WSU Parking Fees and Fines May Rise; Cost Could be Offset by Pre-tax Plan

PULLMAN, Wash. — Parking permit fees and fines at Washington State University may be going up, but for many those increases could be totally offset by a plan to deduct parking fees directly from WSU employees’ paychecks before they are taxed.

A proposal from Parking and Transportation Services now under review by the Parking System Review Task Force recommends parking fees and fines should rise to help cover the increasing cost of new parking facilities, and improvements and repairs to existing garages and parking lots.

Those costs include an annual bond payment of $814,000 for the newly constructed Center for Undergraduate Education garage and parking lot. Costs also include badly needed repairs to three of the university’s oldest garages and deferred maintenance to other surface lots at a price of $800,000 and $600,000, respectively.

“Like most universities, the parking system at WSU is self-supported,” explained Glenn Ford, associate vice president for Business and Finance. “The system needs to be in a financial position to meet the needs of its users, maintain its facilities and to meet its financial obligations.”

The greatest increases would come in the parking zones with the highest demand – orange and green. The price of a yearly orange parking permit, which allows users to park in covered garages, would rise from the current rate of $221 to $340 in the fall of 2002.

Green permits, which are for lots closest to the center of campus, would increase from $187 to $285. Faculty and staff are the primary users of these two zones.

Yellow permits would increase from $137 to $175. Red and gray would increase from $103 and $108, respectively, to $135. Blue would rise from $52 to $65. Moped and motorcycle permits would both cost $45. An increase in daily permits is also being proposed.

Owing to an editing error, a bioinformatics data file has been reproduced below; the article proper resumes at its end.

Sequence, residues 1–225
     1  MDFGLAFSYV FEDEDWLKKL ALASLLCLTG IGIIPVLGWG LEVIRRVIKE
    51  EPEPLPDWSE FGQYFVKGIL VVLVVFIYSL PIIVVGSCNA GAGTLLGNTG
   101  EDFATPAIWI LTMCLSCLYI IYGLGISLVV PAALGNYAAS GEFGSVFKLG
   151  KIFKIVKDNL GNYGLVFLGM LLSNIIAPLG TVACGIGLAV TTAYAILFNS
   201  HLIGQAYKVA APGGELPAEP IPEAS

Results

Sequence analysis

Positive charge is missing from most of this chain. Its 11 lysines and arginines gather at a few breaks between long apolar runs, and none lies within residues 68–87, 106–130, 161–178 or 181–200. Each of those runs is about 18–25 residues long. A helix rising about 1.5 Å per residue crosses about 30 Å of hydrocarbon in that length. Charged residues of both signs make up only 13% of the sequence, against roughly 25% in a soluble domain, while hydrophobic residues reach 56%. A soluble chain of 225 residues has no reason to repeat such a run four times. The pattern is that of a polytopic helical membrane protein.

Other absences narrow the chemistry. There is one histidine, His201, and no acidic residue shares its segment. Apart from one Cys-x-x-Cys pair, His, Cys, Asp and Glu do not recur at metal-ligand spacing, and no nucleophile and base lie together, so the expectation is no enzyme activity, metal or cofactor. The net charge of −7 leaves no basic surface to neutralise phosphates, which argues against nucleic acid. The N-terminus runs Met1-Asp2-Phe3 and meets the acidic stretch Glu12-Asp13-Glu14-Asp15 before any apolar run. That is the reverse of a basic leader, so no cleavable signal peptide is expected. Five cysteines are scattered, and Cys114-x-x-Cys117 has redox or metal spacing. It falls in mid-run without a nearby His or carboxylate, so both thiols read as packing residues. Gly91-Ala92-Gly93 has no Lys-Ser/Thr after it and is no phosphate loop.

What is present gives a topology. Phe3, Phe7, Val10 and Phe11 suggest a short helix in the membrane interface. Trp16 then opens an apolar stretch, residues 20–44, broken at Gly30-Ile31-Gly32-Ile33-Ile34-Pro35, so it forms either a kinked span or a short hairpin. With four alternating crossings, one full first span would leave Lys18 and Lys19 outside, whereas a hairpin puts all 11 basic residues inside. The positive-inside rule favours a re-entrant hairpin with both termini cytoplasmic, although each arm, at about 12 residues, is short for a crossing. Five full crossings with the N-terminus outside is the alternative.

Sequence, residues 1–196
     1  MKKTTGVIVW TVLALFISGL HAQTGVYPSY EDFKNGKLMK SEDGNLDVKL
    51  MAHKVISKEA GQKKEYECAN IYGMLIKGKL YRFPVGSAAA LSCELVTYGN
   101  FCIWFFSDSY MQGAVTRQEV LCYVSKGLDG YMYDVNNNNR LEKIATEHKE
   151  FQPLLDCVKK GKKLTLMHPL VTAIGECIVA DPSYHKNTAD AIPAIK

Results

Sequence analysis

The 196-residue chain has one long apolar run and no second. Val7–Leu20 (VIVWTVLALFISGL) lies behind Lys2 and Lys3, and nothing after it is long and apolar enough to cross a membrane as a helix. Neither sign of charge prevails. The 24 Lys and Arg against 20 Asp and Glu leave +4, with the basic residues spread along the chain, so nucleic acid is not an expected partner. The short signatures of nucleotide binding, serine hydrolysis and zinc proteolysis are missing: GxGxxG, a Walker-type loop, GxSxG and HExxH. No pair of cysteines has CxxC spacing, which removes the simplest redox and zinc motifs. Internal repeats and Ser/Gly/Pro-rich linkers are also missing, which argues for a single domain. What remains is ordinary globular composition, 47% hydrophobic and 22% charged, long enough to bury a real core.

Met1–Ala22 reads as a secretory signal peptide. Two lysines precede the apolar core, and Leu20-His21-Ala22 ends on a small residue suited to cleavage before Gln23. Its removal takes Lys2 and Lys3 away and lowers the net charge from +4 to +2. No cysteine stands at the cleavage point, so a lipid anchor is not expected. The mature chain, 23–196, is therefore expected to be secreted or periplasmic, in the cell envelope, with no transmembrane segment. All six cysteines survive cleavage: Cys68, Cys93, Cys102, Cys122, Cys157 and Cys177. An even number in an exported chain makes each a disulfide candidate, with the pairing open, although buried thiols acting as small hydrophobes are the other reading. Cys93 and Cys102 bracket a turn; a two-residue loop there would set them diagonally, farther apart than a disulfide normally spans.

However, increases in hourly parking meter and garage rates are not planned for next year because of significant increases that occurred in the fall of 1999.

“These rates were a major concern expressed by students during last year’s Peer Review meetings,” said John Shaheen, director of Parking, Transportation and Visitor Center.

Even with the increases, Shaheen described the annual fees as moderate to low compared with regional and peer institutions. This is supported by a Peer Review Team report published last year. For instance, a standard, single-occupancy parking permit at the University of Washington will cost $785 next year. Western Washington University charges $640 annually for its most preferred parking permits.

WSU employees can mitigate some of the price increases by opting to pay for their permit with pre-tax dollars through payroll deduction, which would save federal tax withholding, social security and Medicare expenses. For example, a green permit holder with a federal tax rate of 27 percent who used the pre-tax deduction plan might save as much as $99 in taxes, reducing the ultimate permit cost from $285 to $186, just $1 less than the current rate.

Other recommendations include creating a brown parking zone for students who live in central campus residence halls such as McCroskey, Stimson, Honors College, Stevens, Waller, Wilmer, Davis, Duncan-Dunn and Community.

Other issues being considered by the task force include giving faculty and staff priority for receiving green permits. Orange permits would be for faculty and staff use only. There are 31 students with orange permits and 353 with green.

Parking violations will be a more costly mistake with most fines increasing by $5 to $25 depending on the infraction. The exception is the fine for unauthorized parking in a disability space, which will rise from $50 to $250, which coincides with the state standard. The last increase in parking fines was 1995.

The 15-member task force, which has worked on the proposal since September, represents a diverse group of interests including members from Faculty Senate, Associated Students of WSU, Graduate and Professional Student Association, bargaining units, Administrative Professional Council and Residence Hall Association.

The various groups represented by task force members will review the proposal before it is submitted to the WSU Board of Regents for consideration this spring. If approved, it would take effect fall semester 2002.

“We are very impressed with the commitment displayed by the task force members over the last semester,” Ford said. “Their constituents are well-represented.”

For more information, visit the Web site at or contact Shaheen at (509) 335-4911.